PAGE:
“My textile is more about the people and not the fabric. People come first,” she emphasized.

“During my encounter with the artisans then, I discovered they do not have access to other markets, were underpaid and do not live a desirable life for the kind of work they do.”

Today, Madu works and partners with artisans across the country. The goal for her is to give them access to markets beyond their environment. Occasionally, she organises workshops where she teaches them how to make money from their work.

“It is a selfless thing that I do,” she said.

Most of the artisans are from different parts of Africa such as Ghana, Senegal, the Benin Republic among others.

Her big break came in 2019 when she received a call from a radio station in South Africa to participate in a conversation organised by the African Fashion Lab.

“A lot of fashion designers listened in on the programme and were impressed by my works and thoughts on the Nigerian fashion scene. I started getting calls after the show. I started with 60 per cent of my clients from overseas and have maintained it since then,” she explained.

Some of the fashion brands she works with are based in the United States, the United Kingdom and Europe. They include brands and individuals like Island Tribe, and Sabina from Spain.

The perception of Nigerian textiles by her foreign clients often makes her feel like a superhuman.

“They are being wowed by our textiles and the fact that I made it with my hands. They see it as something precious and cherish it.”

She added that demand for Nigerian textiles is high, particularly the Adire.

“That’s the only textile that is really putting Nigeria textile out there. These fabrics have been abandoned for a long while but once a designer starts using them and gets international recognition, Nigerians start appreciating our fabrics. Take for instance Kenneth Ize, no one was really paying him attention but when he started using the aso-oke to showcase on international runways, everyone started noticing him.”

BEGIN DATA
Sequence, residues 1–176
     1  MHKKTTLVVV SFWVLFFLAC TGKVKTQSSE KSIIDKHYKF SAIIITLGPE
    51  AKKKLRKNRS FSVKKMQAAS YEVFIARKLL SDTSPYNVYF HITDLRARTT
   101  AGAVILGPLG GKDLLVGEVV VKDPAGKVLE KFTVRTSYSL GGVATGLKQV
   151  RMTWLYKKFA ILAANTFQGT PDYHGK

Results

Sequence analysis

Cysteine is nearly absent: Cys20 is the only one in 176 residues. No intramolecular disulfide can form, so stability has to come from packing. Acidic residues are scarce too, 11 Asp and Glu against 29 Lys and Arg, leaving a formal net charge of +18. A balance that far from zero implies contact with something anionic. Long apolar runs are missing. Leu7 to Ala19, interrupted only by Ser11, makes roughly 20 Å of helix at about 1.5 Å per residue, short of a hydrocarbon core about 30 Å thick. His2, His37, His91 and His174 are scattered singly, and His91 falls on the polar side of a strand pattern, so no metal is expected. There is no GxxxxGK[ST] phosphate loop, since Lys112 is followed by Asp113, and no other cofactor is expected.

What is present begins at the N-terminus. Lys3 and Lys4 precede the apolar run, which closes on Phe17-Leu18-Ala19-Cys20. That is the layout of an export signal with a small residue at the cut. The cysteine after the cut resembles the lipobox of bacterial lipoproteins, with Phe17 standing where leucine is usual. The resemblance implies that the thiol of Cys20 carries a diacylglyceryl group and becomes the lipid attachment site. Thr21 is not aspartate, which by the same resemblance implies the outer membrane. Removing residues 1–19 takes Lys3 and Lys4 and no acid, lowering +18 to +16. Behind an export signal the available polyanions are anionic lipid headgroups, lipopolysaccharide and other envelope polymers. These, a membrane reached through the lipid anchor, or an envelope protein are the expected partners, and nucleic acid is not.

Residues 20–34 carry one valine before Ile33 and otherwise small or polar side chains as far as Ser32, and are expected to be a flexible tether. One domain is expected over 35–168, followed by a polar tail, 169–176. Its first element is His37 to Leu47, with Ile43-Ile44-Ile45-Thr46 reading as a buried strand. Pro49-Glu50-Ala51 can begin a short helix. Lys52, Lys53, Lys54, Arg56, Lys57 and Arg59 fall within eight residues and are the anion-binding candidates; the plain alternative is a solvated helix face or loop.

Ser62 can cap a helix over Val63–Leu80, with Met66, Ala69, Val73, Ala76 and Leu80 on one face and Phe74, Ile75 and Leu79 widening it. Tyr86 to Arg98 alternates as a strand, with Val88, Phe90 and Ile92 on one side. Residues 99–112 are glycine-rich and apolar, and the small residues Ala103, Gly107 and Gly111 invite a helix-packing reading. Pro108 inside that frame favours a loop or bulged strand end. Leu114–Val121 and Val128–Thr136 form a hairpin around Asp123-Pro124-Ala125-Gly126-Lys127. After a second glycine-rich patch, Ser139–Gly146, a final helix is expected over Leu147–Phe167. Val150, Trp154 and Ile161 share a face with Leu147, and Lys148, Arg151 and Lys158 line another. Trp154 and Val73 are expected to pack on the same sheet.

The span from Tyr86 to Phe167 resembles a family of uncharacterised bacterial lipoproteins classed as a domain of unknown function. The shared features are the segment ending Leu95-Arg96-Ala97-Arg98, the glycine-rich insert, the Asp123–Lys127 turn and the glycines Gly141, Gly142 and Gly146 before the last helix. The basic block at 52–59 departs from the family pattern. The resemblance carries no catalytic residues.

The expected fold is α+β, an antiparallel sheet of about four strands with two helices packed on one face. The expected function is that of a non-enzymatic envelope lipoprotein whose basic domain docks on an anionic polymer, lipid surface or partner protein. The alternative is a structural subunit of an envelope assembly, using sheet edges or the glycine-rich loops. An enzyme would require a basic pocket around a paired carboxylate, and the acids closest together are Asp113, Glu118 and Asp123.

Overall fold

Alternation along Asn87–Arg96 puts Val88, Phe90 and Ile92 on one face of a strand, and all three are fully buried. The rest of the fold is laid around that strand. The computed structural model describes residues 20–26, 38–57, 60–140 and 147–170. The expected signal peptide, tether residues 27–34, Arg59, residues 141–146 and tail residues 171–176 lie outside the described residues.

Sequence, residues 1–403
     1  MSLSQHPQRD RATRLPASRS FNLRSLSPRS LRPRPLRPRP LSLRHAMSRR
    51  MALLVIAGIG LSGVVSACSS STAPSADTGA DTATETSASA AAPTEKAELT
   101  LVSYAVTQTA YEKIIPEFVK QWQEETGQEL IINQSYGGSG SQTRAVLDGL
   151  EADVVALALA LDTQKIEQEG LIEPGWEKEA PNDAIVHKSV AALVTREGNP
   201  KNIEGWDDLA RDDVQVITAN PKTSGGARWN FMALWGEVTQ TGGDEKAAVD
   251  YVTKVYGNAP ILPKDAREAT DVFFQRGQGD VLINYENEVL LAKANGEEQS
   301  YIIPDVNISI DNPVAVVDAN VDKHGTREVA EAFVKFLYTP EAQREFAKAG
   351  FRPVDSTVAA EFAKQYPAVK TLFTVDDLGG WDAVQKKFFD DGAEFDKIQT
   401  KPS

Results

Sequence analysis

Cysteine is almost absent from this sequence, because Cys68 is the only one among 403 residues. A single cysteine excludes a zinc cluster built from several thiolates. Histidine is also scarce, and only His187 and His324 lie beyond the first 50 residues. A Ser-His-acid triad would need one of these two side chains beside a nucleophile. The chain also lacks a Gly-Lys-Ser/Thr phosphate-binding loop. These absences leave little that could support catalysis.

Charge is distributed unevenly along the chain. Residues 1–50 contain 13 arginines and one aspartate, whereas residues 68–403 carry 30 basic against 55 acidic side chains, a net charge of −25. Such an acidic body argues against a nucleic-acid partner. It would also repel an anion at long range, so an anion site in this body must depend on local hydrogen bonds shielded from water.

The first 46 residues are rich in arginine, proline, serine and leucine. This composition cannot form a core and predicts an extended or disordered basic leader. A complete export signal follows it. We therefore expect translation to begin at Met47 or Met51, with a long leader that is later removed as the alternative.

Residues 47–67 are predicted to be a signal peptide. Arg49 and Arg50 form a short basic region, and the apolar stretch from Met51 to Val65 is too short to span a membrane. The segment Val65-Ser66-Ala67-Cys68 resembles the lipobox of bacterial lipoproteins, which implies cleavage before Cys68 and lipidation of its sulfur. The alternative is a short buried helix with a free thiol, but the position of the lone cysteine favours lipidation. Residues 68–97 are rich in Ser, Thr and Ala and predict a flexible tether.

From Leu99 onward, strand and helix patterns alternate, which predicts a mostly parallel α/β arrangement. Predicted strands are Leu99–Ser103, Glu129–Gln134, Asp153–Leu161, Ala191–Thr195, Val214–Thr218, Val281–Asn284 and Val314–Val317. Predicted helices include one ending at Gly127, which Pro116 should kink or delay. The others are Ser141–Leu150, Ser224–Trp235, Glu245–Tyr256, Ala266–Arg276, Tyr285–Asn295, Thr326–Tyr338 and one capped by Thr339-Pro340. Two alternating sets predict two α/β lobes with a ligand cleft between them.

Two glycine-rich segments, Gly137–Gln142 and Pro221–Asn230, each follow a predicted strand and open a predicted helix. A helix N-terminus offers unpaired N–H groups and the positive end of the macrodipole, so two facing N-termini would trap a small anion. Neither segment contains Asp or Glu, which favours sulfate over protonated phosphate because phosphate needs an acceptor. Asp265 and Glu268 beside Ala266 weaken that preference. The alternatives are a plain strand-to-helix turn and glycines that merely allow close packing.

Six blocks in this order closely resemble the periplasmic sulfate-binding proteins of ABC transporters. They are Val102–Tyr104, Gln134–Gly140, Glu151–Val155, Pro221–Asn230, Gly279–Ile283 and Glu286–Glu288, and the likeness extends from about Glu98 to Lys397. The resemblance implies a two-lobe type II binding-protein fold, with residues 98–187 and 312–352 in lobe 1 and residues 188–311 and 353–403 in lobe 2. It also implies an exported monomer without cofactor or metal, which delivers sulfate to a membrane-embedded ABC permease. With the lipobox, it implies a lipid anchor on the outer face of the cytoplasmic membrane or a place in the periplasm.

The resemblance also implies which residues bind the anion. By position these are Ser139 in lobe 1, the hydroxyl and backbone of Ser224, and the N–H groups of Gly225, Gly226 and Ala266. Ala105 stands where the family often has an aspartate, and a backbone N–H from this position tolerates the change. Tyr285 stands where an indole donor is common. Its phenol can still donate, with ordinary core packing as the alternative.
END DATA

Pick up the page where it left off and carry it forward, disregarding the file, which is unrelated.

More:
Madu disclosed that her next line of action is to revive those textiles.

“Just like we have the Adire in high demand, I want other textiles like the Akwete to also be in high demand.”

She hinted at plans to visit states where these weavers are domiciled and helped them access new markets because according to her, some of them abandoned their fabric businesses because of low patronage.

“Once they know that people are willing to buy their fabrics, they will easily return to the business.”

There will also be workshops for those who want to hone their skills too. This way, she can contribute to economic development while helping many to live their Nigerian dream.

“My plan is to make sure that those textiles do not disappear from the face of the earth. “

Keen on sustainable fashion, Madu ensures that the tie and dye process is very eco-friendly by reusing dyes with less amount of water. Also, the fabrics used are biodegradable.

For her, Nigeria is yet to embrace the term.

“It’s a decision one has to make because we have limitations here,” she concluded.